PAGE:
ORIGINAL RESEARCH article

Front. Res. Metr. Anal., 25 June 2021
Sec. Text-mining and Literature-based Discovery
https://doi.org/10.3389/frma.2021.644728

Using Literature Based Discovery to Gain Insights Into the Metabolomic Processes of Cardiac Arrest

  • 1Department of Physics, Computer Science and Engineering, Christopher Newport University, Newport News, VA, United States
  • 2Department of Pharmacotherapy and Outcomes Science, Virginia Commonwealth University, Richmond, VA, United States
  • 3Department of Computer Science, Virginia Commonwealth University, Richmond, VA, United States

In this paper, we describe how we applied LBD techniques to discover lecithin cholesterol acyltransferase (LCAT) as a druggable target for cardiac arrest. We fully describe our process which includes the use of high-throughput metabolomic analysis to identify metabolites significantly related to cardiac arrest, and how we used LBD to gain insights into how these metabolites relate to cardiac arrest. These insights lead to our proposal (for the first time) of LCAT as a druggable target; the effects of which are supported by in vivo studies which were brought forth by this work. Metabolites are the end product of many biochemical pathways within the human body. Observed changes in metabolite levels are indicative of changes in these pathways, and provide valuable insights toward the cause, progression, and treatment of diseases. Following cardiac arrest, we observed changes in metabolite levels pre- and post-resuscitation. We used LBD to help discover diseases implicitly linked via these metabolites of interest. Results of LBD indicated a strong link between Fish Eye disease and cardiac arrest. Since fish eye disease is characterized by an LCAT deficiency, it began an investigation into the effects of LCAT and cardiac arrest survival. In the investigation, we found that decreased LCAT activity may increase cardiac arrest survival rates by increasing ω-3 polyunsaturated fatty acid availability in circulation. We verified the effects of ω-3 polyunsaturated fatty acids on increasing survival rate following cardiac arrest via in vivo with rat models.

1 Introduction

In this paper, we apply literature based discovery (LBD) to gain insights into the metabolic processes related to cardiac arrest and propose, and propose lecithin cholesterol acyltransferase (LCAT) as a druggable target for cardiac arrest. LBD aims to create computerized methods that support discovery from existing literature. LBD is typically performed by piecing together fragments of information in a meaningful way to support scientific discovery. Scientific publication is the primary means of disseminating scientific knowledge, and millions of scientific publications are stored in electronic databases with thousands more added each day (Bornmann and Mutz, 2015). The rate of scientific publication continues to grow (Hunter and Cohen, 2006), and this volume of data means that scientific knowledge is becoming fragmented, and pieces of related information may remain disjoint, even though their combination may lead to meaningful insight or scientific discovery. Integrating LBD into scientific research has the potential to transform the overwhelming amount scientific literature into a wellspring of new knowledge.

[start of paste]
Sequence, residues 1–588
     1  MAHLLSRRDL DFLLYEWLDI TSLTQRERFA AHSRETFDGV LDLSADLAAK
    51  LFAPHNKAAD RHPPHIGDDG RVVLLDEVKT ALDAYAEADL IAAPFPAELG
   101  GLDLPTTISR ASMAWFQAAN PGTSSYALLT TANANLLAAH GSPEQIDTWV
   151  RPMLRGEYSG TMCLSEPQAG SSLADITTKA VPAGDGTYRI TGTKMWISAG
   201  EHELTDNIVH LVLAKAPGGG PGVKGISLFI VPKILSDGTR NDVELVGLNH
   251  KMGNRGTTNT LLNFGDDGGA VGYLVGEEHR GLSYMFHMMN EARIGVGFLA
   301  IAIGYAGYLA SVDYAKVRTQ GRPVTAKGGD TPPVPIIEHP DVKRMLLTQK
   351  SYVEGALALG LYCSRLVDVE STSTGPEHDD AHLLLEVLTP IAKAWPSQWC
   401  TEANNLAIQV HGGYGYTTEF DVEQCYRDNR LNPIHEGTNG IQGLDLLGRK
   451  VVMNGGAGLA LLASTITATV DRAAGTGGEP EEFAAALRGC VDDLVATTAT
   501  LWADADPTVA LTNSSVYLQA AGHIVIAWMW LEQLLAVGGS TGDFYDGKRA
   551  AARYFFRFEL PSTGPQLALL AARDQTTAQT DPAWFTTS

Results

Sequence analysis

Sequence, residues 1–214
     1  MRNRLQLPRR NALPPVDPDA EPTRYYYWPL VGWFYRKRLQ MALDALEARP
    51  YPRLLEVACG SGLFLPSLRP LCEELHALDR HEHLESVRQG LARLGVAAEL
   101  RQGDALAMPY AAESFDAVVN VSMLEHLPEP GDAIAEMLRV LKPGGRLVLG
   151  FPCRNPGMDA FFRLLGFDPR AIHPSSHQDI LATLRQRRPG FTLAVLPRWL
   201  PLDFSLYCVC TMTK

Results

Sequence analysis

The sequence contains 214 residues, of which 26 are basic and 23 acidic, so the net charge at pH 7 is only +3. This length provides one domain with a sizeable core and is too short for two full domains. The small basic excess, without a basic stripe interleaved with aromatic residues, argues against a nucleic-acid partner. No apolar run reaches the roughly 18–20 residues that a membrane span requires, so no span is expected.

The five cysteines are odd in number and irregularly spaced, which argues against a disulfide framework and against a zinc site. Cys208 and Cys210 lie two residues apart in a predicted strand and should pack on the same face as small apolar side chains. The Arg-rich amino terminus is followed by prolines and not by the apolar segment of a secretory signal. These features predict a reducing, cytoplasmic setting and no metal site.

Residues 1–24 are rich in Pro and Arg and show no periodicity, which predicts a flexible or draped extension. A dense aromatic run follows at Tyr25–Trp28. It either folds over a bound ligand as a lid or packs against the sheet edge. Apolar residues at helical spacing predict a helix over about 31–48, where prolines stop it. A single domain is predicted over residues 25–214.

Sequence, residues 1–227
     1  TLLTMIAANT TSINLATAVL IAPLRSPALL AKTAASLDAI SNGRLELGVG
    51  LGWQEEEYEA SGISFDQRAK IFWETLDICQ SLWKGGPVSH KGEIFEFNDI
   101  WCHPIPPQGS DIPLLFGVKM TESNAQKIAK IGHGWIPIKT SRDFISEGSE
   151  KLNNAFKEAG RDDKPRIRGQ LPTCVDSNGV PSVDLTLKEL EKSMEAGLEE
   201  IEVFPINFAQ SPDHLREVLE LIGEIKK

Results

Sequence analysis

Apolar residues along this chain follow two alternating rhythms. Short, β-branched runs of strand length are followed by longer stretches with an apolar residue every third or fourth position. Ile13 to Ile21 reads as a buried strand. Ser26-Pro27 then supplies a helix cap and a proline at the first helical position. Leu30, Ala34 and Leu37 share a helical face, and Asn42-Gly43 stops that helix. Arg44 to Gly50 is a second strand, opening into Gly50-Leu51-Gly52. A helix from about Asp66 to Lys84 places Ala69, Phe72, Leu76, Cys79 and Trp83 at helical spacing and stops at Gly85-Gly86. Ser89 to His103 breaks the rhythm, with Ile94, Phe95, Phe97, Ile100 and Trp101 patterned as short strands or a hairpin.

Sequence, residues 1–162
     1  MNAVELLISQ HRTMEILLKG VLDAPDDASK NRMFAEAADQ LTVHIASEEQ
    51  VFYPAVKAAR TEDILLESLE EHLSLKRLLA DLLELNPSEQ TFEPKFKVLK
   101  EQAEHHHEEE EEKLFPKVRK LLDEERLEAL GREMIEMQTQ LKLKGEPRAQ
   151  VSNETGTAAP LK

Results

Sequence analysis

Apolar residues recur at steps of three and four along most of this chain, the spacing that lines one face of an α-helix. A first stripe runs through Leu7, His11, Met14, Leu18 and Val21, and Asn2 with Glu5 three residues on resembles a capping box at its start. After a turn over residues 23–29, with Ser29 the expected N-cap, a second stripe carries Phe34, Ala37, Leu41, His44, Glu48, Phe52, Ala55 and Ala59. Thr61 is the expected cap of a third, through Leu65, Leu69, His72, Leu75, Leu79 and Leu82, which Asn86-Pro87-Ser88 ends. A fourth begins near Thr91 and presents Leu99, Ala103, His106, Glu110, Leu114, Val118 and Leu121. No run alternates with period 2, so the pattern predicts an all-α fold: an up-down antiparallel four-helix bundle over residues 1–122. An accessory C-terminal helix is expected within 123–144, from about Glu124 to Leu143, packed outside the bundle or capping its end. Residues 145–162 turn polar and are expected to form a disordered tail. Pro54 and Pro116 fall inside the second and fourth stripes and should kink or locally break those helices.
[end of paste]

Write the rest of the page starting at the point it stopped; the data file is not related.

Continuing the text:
Metabolomics is a field of study that utilizes the quantitative measurements of metabolites. Metabolites are the end results of many of the biochemical pathways that determine our health. Levels of metabolites in our body can give clues to understanding biochemical processes. Disorders in biochemical pathways can cause health problems, and modification of specific biochemical pathways can result in health benefits. We use ultra-high performance liquid chromatography coupled to high resolution tandem mass spectrometry (UPLC-HRMS/MS) to quantify the levels of a large variety of metabolites within an organism. Because UPLC-HRMS/MS screens for an enormous variety of metabolites, it effectively allows us to capture snapshots of an organism’s metabolome during the progression of a disease. Fluctuations in particular metabolite levels during disease progression indicate that the metabolite or the biochemical process that created it is associated with the disease. Unfortunately, these biochemical processes are extremely complex and gaining insights into their mechanisms can take years. LBD offers the potential to rapidly search huge amounts of scientific literature to generate novel hypotheses associating these metabolites to the disease pathophysiology. These hypotheses allow us infer novel metabolic pathways responsible for the observed fluctuations associated with the disease. Such knowledge allows us to identify novel druggable targets for the disease under investigation. Identification of druggable targets is the first step in drug development and drug repurposing, and therefore, combining LBD with metabolomics has the potential to massively decrease drug development time by quickly finding new druggable targets for specific diseases. Furthermore, we can predict the effect of these new drugs on the metabolome. We can then test the predictions by administering the drug, collecting new plasma samples, and undertaking additional metabolomic analysis. Confirmation of the predicted effects support the hypotheses about the metabolic processes and support the use of the drug to treat the disease. Unpredicted effects can lead to further inquiry supported by LBD, and the process can be repeated to gain increasing insight into the biochemical processes of the disease. This forms a feedback loop (Figure 1) where knowledge can be gained and multiple hypotheses tested iteratively until all knowledge that can be gained from the sample under examination is maximized.